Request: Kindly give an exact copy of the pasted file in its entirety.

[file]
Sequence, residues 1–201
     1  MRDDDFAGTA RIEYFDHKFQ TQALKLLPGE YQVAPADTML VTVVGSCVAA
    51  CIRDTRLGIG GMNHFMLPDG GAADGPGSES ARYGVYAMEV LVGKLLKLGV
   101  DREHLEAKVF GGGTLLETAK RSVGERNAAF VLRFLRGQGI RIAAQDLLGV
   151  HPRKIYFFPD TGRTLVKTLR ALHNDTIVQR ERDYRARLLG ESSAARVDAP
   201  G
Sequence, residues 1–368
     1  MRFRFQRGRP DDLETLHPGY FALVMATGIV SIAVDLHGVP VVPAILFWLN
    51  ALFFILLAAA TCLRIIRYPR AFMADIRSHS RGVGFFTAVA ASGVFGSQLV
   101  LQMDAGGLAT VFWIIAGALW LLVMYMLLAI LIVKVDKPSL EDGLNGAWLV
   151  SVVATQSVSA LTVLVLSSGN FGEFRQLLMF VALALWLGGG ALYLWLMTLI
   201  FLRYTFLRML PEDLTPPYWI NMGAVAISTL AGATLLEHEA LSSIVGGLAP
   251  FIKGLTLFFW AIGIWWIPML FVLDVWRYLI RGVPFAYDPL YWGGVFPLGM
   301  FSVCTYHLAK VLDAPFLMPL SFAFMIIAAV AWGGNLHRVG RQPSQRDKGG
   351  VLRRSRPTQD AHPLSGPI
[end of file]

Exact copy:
Sequence, residues 1–201
     1  MRDDDFAGTA RIEYFDHKFQ TQALKLLPGE YQVAPADTML VTVVGSCVAA
    51  CIRDTRLGIG GMNHFMLPDG GAADGPGSES ARYGVYAMEV LVGKLLKLGV
   101  DREHLEAKVF GGGTLLETAK RSVGERNAAF VLRFLRGQGI RIAAQDLLGV
   151  HPRKIYFFPD TGRTLVKTLR ALHNDTIVQR ERDYRARLLG ESSAARVDAP
   201  G
Sequence, residues 1–368
     1  MRFRFQRGRP DDLETLHPGY FALVMATGIV SIAVDLHGVP VVPAILFWLN
    51  ALFFILLAAA TCLRIIRYPR AFMADIRSHS RGVGFFTAVA ASGVFGSQLV
   101  LQMDAGGLAT VFWIIAGALW LLVMYMLLAI LIVKVDKPSL EDGLNGAWLV
   151  SVVATQSVSA LTVLVLSSGN FGEFRQLLMF VALALWLGGG ALYLWLMTLI
   201  FLRYTFLRML PEDLTPPYWI NMGAVAISTL AGATLLEHEA LSSIVGGLAP
   251  FIKGLTLFFW AIGIWWIPML FVLDVWRYLI RGVPFAYDPL YWGGVFPLGM
   301  FSVCTYHLAK VLDAPFLMPL SFAFMIIAAV AWGGNLHRVG RQPSQRDKGG
   351  VLRRSRPTQD AHPLSGPI